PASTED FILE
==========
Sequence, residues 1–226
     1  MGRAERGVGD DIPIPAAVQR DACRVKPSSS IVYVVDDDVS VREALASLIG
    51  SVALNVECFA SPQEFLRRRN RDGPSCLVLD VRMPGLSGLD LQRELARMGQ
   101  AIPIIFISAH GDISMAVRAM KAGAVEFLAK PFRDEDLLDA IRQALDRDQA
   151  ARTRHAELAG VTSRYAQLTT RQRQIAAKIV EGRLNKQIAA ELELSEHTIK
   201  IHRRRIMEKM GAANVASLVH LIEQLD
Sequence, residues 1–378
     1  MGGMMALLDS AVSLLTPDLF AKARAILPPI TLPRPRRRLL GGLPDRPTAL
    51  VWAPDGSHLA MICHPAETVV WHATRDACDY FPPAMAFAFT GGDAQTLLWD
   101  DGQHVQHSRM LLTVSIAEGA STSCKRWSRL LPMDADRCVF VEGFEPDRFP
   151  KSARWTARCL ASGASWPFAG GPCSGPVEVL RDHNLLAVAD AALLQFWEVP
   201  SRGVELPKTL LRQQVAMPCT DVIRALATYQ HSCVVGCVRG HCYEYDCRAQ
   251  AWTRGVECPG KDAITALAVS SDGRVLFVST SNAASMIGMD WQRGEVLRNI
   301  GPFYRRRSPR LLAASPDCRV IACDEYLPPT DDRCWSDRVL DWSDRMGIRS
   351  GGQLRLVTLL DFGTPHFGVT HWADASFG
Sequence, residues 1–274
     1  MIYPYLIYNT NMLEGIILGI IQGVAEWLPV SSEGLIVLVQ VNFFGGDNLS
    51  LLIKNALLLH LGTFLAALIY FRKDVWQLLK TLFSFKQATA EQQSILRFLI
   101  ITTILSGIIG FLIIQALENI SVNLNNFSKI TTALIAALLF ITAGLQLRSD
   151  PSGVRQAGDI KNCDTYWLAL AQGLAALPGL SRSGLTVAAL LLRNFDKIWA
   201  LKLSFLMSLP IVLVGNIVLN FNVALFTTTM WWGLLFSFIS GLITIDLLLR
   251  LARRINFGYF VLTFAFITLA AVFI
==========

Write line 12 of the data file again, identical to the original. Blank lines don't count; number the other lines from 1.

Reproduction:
   201  SRGVELPKTL LRQQVAMPCT DVIRALATYQ HSCVVGCVRG HCYEYDCRAQ